Loehle, S., Battaglia, J.L., Jullien, P., Ootegem, B.V., Couzi, J., Lasserre, J.P.: Improvement of high heat flux measurement using a null point calorimeter. AIAA J. Spacecraft Rocket 45(1), 76–81 (2008)CrossRefGoogle Scholar
  14. 14.
    Gardarein, J.L., Battaglia, J.L., Loehle, S.: Heat flux sensor calibration using noninteger system identification: theory, experiment and error analysis. Rev. Sci. Instrum. 80, 205102 (2009)CrossRefGoogle Scholar
  15. 15.
    Loehle, S., Frankel, J.I.: Physical insight into system identification parameters applied to inverse heat conduction problems. In: AIAA 50th AIAA Aerospace Sciences Meeting and Exhibit, Nashville, TN, 9–12 January 2012 (AIAA-2012-0809)Google Scholar
  16. 16.
    Cook, W.J., Felderman, E.J.: Reduction of data from thin-film heat transfer gages: a concise numerical technique. AIAA J. 4, 561–562 (1966)CrossRefGoogle Scholar
  17. 17.
    Lu, F.K., Kinnear, K.M.: Characterization of thin film heat flux gauges. J. Thermophys. Heat Transf. 13(4), 548–550 (1999)CrossRefGoogle Scholar
  18. 18.
    Diller, T.E.: Advances in heat flux measurements. In: Advances in Heat Transfer, vol. 23. Academic Press, New York, pp. 279–368 (1993)Google Scholar
  19. 19.
    Keltner, N.R.: Heat flux measurements: theory and applications. In: Thermal Measurements in Electronic Cooling, pp. 273–320. CRC, New York (1997)Google Scholar
  20. 20.
    Flaherty, W., Austin, J.M.: Comparative surface heat transfer measurements in hypervelocity flow. J. Thermophys. Heat Transf. 25(1), 180–183 (2011)CrossRefGoogle Scholar
  21. 21.
    Ozisik, M.N.: Heat Conduction. Wiley, New York (1980)Google Scholar
  22. 22.
    Grigull, U., Sandner, H.: Heat Conduction, p. 18. Hemisphere Publishing Co., New York (1984)Google Scholar
  23. 23.
    Beck, J.V., Blackwell, B., St. Clair, C.R. Jr.: Inverse Heat Conduction. Wiley, New York (1985)Google Scholar
  24. 24.
    Elkins, B.E., Keyhani, M., Frankel, J.I.: Surface heat flux prediction through physics-based calibration. Part 2: experimental verification. In: 50th AIAA Aerospace Sciences Meeting and Exhibit, Nashville, TN, 9–12 January 2012Google Scholar
  25. 25.
    Woodbury, K.A.: Effect of thermocouple sensor dynamics on surface heat flux predictions obtained via inverse heat transfer analysis. Int. J. Heat Mass Transf. 33(2), 2641–2649 (1990)Google Scholar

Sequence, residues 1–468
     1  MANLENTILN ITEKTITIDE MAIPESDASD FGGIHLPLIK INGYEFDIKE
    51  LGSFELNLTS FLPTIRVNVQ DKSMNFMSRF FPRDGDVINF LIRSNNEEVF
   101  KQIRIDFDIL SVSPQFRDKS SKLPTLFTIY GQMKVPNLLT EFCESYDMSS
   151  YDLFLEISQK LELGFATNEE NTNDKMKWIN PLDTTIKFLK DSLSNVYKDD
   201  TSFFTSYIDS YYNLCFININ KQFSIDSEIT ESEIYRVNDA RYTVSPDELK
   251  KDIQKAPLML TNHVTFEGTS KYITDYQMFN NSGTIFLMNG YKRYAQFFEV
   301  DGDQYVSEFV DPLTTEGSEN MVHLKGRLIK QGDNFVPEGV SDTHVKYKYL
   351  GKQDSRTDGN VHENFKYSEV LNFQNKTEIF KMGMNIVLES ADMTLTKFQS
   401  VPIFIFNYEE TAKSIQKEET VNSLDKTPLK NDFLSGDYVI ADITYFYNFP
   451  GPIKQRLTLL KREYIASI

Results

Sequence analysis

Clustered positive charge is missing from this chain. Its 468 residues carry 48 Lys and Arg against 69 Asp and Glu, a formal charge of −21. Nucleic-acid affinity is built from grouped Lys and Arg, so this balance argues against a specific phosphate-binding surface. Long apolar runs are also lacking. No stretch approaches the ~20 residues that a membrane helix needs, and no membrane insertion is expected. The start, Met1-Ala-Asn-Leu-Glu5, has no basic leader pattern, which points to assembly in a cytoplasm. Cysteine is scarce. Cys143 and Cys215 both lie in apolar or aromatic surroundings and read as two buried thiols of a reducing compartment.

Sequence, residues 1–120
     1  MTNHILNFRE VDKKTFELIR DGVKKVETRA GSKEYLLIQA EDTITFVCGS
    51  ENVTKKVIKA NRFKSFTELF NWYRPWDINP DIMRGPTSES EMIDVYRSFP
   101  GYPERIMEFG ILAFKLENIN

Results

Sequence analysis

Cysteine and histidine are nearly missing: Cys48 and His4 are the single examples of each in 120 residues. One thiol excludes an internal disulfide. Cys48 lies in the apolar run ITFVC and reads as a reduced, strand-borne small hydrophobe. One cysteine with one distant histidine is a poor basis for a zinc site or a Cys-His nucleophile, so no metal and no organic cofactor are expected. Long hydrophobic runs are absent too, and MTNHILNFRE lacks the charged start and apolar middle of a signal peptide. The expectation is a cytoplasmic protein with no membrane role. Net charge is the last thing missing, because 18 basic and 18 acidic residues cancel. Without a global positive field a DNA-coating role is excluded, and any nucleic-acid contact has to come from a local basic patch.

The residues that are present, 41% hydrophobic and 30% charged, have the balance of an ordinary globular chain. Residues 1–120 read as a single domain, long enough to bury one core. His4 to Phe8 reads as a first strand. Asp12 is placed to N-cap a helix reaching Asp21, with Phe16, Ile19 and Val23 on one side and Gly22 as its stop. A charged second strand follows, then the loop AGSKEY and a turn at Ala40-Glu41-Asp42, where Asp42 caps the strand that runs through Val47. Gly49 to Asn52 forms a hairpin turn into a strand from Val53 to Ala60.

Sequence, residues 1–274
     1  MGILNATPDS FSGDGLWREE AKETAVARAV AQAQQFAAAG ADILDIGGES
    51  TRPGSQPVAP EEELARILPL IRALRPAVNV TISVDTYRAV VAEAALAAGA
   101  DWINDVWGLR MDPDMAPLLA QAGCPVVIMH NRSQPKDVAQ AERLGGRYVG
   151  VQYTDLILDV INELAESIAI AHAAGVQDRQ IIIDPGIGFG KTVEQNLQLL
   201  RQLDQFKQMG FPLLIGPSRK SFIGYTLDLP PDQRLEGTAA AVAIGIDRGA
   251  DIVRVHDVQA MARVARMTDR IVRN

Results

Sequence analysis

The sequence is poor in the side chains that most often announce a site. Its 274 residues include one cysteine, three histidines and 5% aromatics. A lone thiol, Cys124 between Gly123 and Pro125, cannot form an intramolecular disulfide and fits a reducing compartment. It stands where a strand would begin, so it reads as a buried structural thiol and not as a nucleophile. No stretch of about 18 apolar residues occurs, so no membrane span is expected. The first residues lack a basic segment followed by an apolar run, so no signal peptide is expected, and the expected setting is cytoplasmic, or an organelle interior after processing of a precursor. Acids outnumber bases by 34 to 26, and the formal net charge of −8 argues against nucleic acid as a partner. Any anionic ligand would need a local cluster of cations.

26. 26.
    Frankel, J.I., Elkins, B., Keyhani, M.: Rate-based sensing concepts for heat flux and property estimation; and, transition detection. In: 16th AIAA/DLR/DGLR International Space Planes and Hypersonic Systems and Technologies Conference, Bremen, Germany. AIAA Paper 09-7303, 19–22 October 2009Google Scholar
  27. 27.
    Blanchat, T.K., Humphries, L.L., Gill, W.: Sandia heat flux gauge thermal response and uncertainty models. Sandia Report, SAND 2000-11 (2000) Google Scholar
  28. 28.
    Frankel, J.I.: Regularization of inverse heat conduction by combination of rate sensor analysis and analytic continuation. J. Eng. Math. 57, 181–198 (2007)Google Scholar
  29. 29.
    Frankel, J.I., Arimilli, R.V.: Inferring convective and radiative loads from transient surface temperature measurements in the half space. Inverse Problems Sci. Eng. 15(5), 463–488 (2007)MathSciNetMATHCrossRefGoogle Scholar
  30. 30.
    Linz, P.: Analytical and Numerical Methods for Volterra Equations. SIAM, Philadelphia (1985)MATHCrossRefGoogle Scholar
  31. 31.
    Lamm, P.K.: A survey of regularization methods for first-kind Volterra equations. In: Colton, D., Engl, H.W., Louis, A., McLaughlin, J.R., Rundell, W. (eds.) Surveys on Solution Methods for Inverse Problems, pp. 53–82. Springer, New York (2000)CrossRefGoogle Scholar
  32. 32.
    Frankel, J.I., Keyhani, M., Taira, K.: In-phase error estimation of experimental data and optimal first derivatives. AIAA J. 42(5), 1017–1024 (2004)CrossRefGoogle Scholar

Copyright information

© Springer-Verlag Berlin Heidelberg 2012

Authors and Affiliations

  1. 1.Mechanical, Aerospace and Biomedical Engineering DepartmentUniversity of TennesseeKnoxvilleUSA

Personalised recommendations